Whether he was rooping around on his mini bike in the field in front of the house or sneaking into my older sister’s bedroom to make out with her, Trevor Snowdin was the daredevil of my neighborhood. By the late 80s he’d picked up snowboarding and was pushing the envelope by jumping off the roofs of three-story condos. In 1989 he was featured in Totally Board, the first of nine Standard Films TB movies. Trevor also rapped in MDP’s New Kids On The Twock and Pocahontas. During the 90s, Trevor had several sponsors and was actively pursuing professional snowboarding. In 1997, while competing in a big-air contest, Trevor cleared the landing of a big-air jump and although he landed clean, the force of the flat landing was enough to severe his T12 vertebra, paralyzing him from the waist down. It’s now the Year 2000, and Trevor’s back doing crazy stunts-this time, though, he’s doing it on four wheels.
What was going on in your life right before you were injured?
I’d just been kicked off my home mountain for doing backflips in their park. It was at the time when people were trippin’ on the whole going inverted thing. I asked them, “How are you gonna allow backflips in contests you throw, when you don’t let people practice them in the park?” And all they came back with was that I could practice rodeo flips, but not backflips. I didn’t see any difference between the two, you’re inverted on both, so I kept doing backflips. I didn’t think I was burning bridges, but they saw things different and pulled my pass. Then what?
I moved up to Portland to try to be in this dude Dan Pozniak’s band, he was the original guitar player for Seven Seconds, but I didn’t make it in ’cause I suck at singing. It couldn’t have been any worse. I joined a church, but it ended up being a cult, so that’s when I decided to give up on snowboarding and man-made religion. I was just about to get a job at Carl’s Junior when I got a call saying that a spot had opened up on a big-air tour and I could fill it if I wanted to. Trevor’s injury happened on the first jump on the first stop of the tour. He didn’t know how much speed he needed when he first tried to hit the jump. He guesstimated, dropped in, and spun a backside 360, overshot the landing, and landed completely flat.
What was going through your head after you landed?
I thought I was gonna die-I’d never been in so much pain. I felt those tingly pins and needles first in my legs and then in my arms. I thought I’d just lie there for a minute, then get up and walk away. I’d always thought of snowboarding as a blow-your-knee-out kinda of sport-I never thought about the possibility of breaking my spine. I was strapped to a backboard and taken by ambulance to the hospital, X-rayed, put under, and operated on.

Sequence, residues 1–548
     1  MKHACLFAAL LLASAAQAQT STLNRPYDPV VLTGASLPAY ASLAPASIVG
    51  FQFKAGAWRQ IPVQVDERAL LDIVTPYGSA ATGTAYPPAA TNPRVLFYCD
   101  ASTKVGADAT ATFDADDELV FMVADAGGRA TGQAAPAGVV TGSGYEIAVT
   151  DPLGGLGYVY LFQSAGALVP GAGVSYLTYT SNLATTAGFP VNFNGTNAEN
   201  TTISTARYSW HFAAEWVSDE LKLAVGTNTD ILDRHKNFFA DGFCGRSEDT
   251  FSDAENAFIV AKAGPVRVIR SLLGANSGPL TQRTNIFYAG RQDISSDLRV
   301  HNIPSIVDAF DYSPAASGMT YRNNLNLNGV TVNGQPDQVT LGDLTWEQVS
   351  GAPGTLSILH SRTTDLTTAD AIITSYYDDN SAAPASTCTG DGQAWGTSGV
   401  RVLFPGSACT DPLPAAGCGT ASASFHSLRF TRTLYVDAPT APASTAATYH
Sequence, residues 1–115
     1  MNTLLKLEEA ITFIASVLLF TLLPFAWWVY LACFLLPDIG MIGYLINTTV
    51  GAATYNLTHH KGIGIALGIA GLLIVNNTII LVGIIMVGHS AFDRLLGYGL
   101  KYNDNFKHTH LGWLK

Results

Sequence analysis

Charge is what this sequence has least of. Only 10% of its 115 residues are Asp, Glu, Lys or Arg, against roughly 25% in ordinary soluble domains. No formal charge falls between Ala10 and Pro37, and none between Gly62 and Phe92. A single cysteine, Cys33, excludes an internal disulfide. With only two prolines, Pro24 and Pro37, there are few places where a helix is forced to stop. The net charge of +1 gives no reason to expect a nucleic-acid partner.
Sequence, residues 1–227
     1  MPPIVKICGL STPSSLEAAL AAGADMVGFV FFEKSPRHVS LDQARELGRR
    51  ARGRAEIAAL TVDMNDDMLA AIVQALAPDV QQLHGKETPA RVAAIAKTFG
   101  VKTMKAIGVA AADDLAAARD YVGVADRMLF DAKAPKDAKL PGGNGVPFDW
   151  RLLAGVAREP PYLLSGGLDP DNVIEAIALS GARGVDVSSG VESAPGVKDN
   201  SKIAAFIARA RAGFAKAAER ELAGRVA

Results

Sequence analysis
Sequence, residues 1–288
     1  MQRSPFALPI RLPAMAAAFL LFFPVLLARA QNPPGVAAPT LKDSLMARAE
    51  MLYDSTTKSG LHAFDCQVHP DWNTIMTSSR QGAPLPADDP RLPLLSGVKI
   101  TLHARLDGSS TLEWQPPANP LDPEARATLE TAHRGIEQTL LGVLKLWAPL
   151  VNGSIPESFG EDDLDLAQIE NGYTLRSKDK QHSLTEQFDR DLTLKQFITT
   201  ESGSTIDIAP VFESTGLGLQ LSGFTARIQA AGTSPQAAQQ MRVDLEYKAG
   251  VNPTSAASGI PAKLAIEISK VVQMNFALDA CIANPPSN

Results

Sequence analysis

What was the first thing you remember after waking up?
I remember waking up to all these nurses calling my name: “Trevor, Trevor, wake up.” Then a doctor walked in and said, “Mr. Snowdin, we’ve operated on you and we’ve concluded that you are paralyzed from the waist down.”
Are you haunted by those words?
No, they’re not haunting. But you know what my first words were? “What about my dick?” and the doctor sort of chuckled.
What did he say?
He said being paralyzed from the waist down might be a problem. Then I just started to laugh.
Why did you laugh?
‘Cause I’d been such a man-whore before. After the accident, I had no choice but to be celibate.You’re still a dawg, though. Yeah, a neutered dog.But it takes balls to jump that bike of yours.
Yeah, I just don’t feel them when I land.You always said you originally got into snowboarding because you could express yourself as an individual-there was no team you needed to follow, the only limitations were those you put on yourself. What inspired you to get on a 4×4 mountain bike a wheelchair hybrid designed for off roading the first time? It was when Palmer came to visit me in the hospital during my rehab. He told me abbout how he saw some 4×4 mountain bikers at some contest he’d been at and how he thought I should get into it. Basically, he gave me a whole new dream and then he straight bought me my first 4×4 mountain bike. It gives me a feeling of extreme independence. I’ve been clocked going down fire roads at 35-plus miles per hour, and I’m starting to hit bigger and bigger jumps.
Is there a message you want to convey to people?
I’d like to inspire contest organizers to have more safety in big-air jumps so that riders don’t need to gamble with speed. Also, I’d like to encourage people who’ve been hurt, whether it was in an extreme sport or not, that there is a venue in which they can keep up with the progression in sports by getting involved in something like 4×4 mountain biking. Even if your injuries aren’t as deabilatating as mine, say a blown knee, busted ankle, or a broken leg, it shouldn’t stop you from trying. Just because this sport was started by people who are handicapped, it doesn’t mean we discriminate against those who aren’t.
You can see Trevor in Torque issue one, New World Disorder, and The Trevair Documentary. Trevor would like to thank the people who’ve inspired him through the years and his sponsors: No Fear, Fox Shox, Hayse Breaks, Troy Lee Designs, Maxxis Tires, and Sun Rims. Be on the lookout for the new 4×4 mountain bike Trevor and Jan Karpiel Designs are debuting later this year. For more information on 4×4 mountain biking e-mail Trevor at firstname.lastname@example.org or send a letter to Trevor Snowdin P.O. Box 17404 South Lake Tahoe, CA 96151.